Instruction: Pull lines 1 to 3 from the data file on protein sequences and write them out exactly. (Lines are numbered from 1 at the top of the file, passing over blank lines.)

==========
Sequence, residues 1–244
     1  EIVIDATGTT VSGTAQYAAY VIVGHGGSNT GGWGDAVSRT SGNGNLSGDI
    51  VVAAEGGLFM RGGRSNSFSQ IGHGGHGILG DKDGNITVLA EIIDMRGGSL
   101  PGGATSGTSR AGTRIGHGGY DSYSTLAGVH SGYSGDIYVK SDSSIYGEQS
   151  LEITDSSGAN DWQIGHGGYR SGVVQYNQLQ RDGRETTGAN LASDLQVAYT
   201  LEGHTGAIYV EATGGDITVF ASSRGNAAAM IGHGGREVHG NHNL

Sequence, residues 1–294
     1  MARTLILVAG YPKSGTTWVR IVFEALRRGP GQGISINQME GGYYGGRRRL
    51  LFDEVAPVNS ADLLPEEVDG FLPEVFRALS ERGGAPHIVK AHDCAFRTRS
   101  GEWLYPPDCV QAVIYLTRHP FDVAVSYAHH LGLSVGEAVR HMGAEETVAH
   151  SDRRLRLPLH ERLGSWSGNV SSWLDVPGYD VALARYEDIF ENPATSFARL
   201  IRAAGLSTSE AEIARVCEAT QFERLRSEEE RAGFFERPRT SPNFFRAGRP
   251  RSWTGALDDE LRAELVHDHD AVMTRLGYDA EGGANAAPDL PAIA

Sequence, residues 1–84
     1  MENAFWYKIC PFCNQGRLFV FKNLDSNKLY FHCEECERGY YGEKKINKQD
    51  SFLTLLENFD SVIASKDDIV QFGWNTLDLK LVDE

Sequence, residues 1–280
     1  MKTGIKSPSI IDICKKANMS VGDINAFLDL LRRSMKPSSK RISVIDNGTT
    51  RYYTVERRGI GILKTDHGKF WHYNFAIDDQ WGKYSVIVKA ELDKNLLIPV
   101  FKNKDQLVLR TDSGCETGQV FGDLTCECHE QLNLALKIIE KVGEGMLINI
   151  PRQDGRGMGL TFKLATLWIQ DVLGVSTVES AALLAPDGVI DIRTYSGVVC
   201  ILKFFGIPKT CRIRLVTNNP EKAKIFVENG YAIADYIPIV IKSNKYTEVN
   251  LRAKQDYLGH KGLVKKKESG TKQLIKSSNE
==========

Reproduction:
Sequence, residues 1–244
     1  EIVIDATGTT VSGTAQYAAY VIVGHGGSNT GGWGDAVSRT SGNGNLSGDI
    51  VVAAEGGLFM RGGRSNSFSQ IGHGGHGILG DKDGNITVLA EIIDMRGGSL